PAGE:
Study Cites 'Exemplary' Programs Against AIDS

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Washington--Aids-prevention programs need to address adolescents in ways that young people can easily understand, a new government study concludes.

The General Accounting Office report examines 12 "exemplary" campaigns aimed at three high-risk populations in Los Angeles, New York, and San Francisco: adolescents, intravenous-drug users, and minorities. Nine of these programs had campaigns specifically geared to adolescents.

Teenagers account for only about 0.4 percent of all aids cases reported as of April 1988, the report notes. But persons in their twenties, many of whom may have been exposed to the virus as teenagers, account for more than one-fifth of the country's total aids caseload.

Programs directed at adolescents, the report notes, should use "readily understandable" messages.

"As one expert put it, educating young people on aids without clearly discussing sex is like 'trying to teach kids about baseball without mentioning the ball and glove,"' the report states.

Successful programs, it says, al4low teenagers to practice such "risk-reduction" skills as resisting pressure to have sex or to try drugs.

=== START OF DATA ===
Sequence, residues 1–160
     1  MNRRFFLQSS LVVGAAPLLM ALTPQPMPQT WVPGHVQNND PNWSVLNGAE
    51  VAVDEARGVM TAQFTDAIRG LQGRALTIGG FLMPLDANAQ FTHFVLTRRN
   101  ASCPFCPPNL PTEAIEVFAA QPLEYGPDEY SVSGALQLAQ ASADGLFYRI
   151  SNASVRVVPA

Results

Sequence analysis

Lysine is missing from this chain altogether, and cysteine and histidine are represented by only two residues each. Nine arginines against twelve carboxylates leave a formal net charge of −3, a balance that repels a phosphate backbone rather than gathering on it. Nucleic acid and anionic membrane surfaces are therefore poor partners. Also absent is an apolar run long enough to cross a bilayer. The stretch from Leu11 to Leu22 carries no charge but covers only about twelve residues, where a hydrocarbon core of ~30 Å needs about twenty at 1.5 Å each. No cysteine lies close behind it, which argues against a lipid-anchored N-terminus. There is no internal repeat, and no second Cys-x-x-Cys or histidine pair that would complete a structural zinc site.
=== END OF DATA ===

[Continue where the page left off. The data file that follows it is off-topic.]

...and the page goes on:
The study argues that designers of prevention programs should be mindful of the age of their expected audience. While young children may only need to know about the possible health threats posed by aids, older children should be exhorted to adopt safer behaviors.

The report also recommends that initiatives aimed at teenagers make effective use of advertising on radio, which has a large audience among the young.

Because of their relatively short history, the report notes, few aids-prevention campaigns have been evaluated for effectiveness. The study recommends that the U.S. Department of Health and Human Services collect information to measure the relative value of current and future anti-aids efforts.

Copies of the report, "aids Education: Reaching Populations at Higher Risk" (GAO/PEMD-88-35) can be obtained from the U.S. General Accounting Office, P.O. Box 6015, Gaithersburg, Md. 20877, or by calling (202) 275-6241.--ef

Vol. 08, Issue 11

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